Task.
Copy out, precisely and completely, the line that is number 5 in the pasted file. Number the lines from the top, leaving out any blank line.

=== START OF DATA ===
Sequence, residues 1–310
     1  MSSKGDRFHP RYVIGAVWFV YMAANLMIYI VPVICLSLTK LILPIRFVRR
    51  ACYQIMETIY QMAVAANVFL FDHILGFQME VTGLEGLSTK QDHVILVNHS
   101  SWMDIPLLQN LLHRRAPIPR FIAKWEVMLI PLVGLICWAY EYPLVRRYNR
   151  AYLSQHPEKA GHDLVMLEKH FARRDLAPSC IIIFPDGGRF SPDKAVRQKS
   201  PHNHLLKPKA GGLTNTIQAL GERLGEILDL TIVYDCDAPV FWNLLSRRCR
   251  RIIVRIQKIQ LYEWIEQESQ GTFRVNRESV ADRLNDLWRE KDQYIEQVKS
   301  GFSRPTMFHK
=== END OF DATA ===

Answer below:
   151  AYLSQHPEKA GHDLVMLEKH FARRDLAPSC IIIFPDGGRF SPDKAVRQKS